Language : English
Published : 2019-03-07
Pages : 184
Grace Hwang battles alongside fellow healthcare workers in Singapore when the Severe Acute Respiratory Syndrome (SARS) virus strikes in 2003. She looks back at her years in Trafalgar House, a leper colony where she lived from 1961 to 1968. Alice, a friend from Trafalgar, is dying of cancer when SARS stikes. Alice had a baby while in Trafalgar Home, who had to be given up for adoption. Now, in the thick of SARS, Grace attempts to reunite Alice with her daughter before Alice dies, and seeks to discover who found the cure to leprosy.SARS is woven together with the leprosy plotline, another frightening illness that led to its sufferers being quarantined. Although the characters in the novel are fictional, the backdrop of events and places – SARS, Trafalgar Home, leprosy and its cure – are real and an important part of Singapore’s history. Formerly known as the Singapore Leper Asylum, Trafalgar Home was a state-sanctioned asylum to detain leprosy sufferers indefinitely. The Leprosy Act was repealed in Singapore in 1976. Now, the story of Trafalgar Home is told to the many Singaporeans who have never heard of it or have forgotten it. This moving, thought-provoking story will strike at the hearts of many Singaporeans across a range of age groups, as it centres on the SARS outbreak of 2003. This event in our recent history is still remembered by many Singaporeans. In Singapore, 33 people died and 238 were infected, many who were healthcare workers who made tremendous sacrifices.
Set on a Bengali noble’s estate in 1908, this is both a love story and a novel of political awakening. The central character, Bimala, is torn between the duties owed to her husband, Nikhil, and the demands made on her by the radical leader, Sandip. Her attempts to resolve the irreconciliable pressures of the home and world reflect the conflict in India itself, and the tragic outcome foreshadows the unrest that accompanied Partition in 1947.
“The Story of the Stone” (c. 1760) is one of the greatest novels of Chinese literature. The first part of the story, The Golden Days, begins the tale of Bao-yu, a gentle young boy who prefers girls to Confucian studies, and his two cousins: Bao-chai, his parents’ choice of a wife for him, and the ethereal beauty Dai-yu. Through the changing fortunes of the Jia family, this rich, magical work sets worldly events – love affairs, sibling rivalries, political intrigues, even murder – within the context of the Buddhist understanding that earthly existence is an illusion and karma determines the shape of our lives.
Each edition includes:
• Freshly edited text based on the best early printed version of the play
• Full explanatory notes conveniently placed on pages facing the text of the play
• Scene-by-scene plot summaries
• A key to famous lines and phrases
• An introduction to reading Shakespeare’s language
• An essay by an outstanding scholar providing a modern perspective on the play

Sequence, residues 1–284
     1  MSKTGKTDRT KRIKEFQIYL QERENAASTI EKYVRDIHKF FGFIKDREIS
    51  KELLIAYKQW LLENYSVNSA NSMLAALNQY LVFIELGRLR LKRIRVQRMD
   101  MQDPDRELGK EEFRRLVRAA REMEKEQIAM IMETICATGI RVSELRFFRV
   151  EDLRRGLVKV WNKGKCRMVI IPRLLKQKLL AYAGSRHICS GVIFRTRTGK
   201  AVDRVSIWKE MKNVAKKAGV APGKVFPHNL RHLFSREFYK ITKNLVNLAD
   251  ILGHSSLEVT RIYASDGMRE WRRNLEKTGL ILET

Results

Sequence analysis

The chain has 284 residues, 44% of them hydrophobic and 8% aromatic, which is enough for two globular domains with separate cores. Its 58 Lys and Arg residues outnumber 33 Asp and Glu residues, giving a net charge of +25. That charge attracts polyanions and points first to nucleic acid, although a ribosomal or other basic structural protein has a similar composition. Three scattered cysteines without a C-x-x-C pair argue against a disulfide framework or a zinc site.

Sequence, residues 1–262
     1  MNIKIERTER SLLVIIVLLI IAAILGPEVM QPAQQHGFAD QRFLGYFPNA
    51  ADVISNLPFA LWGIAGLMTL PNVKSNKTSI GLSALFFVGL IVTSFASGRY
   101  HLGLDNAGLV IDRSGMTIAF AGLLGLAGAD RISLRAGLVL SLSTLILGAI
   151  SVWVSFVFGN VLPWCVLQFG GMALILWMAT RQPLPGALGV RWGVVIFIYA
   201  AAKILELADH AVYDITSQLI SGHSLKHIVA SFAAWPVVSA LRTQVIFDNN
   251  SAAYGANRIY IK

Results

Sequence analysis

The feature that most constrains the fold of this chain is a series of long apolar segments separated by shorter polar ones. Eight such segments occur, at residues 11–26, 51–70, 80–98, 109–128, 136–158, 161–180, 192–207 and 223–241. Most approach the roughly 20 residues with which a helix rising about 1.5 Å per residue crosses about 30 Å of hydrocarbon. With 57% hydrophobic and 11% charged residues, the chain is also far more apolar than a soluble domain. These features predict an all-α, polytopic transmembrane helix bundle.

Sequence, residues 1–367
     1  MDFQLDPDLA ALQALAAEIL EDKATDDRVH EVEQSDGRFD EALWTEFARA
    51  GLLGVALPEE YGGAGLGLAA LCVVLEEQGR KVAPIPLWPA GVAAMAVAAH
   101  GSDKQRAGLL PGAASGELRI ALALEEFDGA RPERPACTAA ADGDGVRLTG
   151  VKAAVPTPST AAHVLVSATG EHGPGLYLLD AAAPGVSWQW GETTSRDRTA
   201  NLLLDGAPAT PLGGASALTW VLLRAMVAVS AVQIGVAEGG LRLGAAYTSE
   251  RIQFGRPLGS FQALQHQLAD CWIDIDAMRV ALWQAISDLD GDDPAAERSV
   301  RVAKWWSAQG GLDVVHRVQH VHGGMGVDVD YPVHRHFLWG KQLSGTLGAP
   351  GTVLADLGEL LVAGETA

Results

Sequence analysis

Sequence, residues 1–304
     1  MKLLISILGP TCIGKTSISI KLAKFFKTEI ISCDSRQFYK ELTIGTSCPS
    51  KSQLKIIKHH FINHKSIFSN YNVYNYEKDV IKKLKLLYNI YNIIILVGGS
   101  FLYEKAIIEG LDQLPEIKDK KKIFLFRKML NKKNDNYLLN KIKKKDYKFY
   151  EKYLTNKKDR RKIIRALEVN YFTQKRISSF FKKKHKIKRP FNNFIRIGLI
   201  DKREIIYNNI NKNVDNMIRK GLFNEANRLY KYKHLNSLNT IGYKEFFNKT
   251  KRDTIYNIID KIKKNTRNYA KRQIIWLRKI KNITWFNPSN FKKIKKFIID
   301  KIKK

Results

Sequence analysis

• Illustrations from the Folger Shakespeare Library’s vast holdings of rare books
Essay by Susan Snyder
The Folger Shakespeare Library in Washington, D.C., is home to the world’s largest collection of Shakespeare’s printed works, and a magnet for Shakespeare scholars from around the globe. In addition to exhibitions open to the public throughout the year, the Folger offers a full calendar of performances and programs. For more information, visit www.folger.edu.
About the Author
William Shakespeare was born in April 1564 in the town of Stratford-upon-Avon, on England’s Avon River. When he was eighteen, he married Anne Hathaway. The couple had three children—their older daughter Susanna and the twins, Judith and Hamnet. Hamnet, Shakespeare’s only son, died in childhood. The bulk of Shakespeare’s working life was spent, not in Stratford, but in the theater world of London, where he established himself professionally by the early 1590s. He enjoyed success not only as a playwright, but as an actor and shareholder in an acting company. Sometime between 1610 and 1613, Shakespeare is thought to have retired from the stage and returned home to Stratford, where he died in 1616.
The third edition of The Oxford Companion to Classical Literature is the complete and authoritative reference guide to the classical world and its literary heritage. It not only presents the reader with all the essential facts about the authors, tales, and characters from ancient myths and literature, but it also places these details in the wider contexts of the history and society of the Greek and Roman worlds. With an extensive web of cross-references and a useful chronological table and location maps (all of which have been brought fully up to date), this volume traces the development of literary forms and the classical allusions which have become embedded in our Western culture. Extensively revised and updated, the Companion includes more thematic entries – medicine, friendship, science, the concept of freedom, and sexuality. These topical entries provide an excellent starting point to the exploration of their subjects in classical literature. The Companion contains extensive biographies of classical literary figures from Aeschylus to Zeno; entries on a multitude of literary styles from biography and rhetoric to lyric poetry and epic, and character entries and plot summaries for the major figures and myths in the classical canon. It is the ideal guide for students in Classics, and for all who are passionate about the vast and varied literary tradition bequeathed to us from the classical world.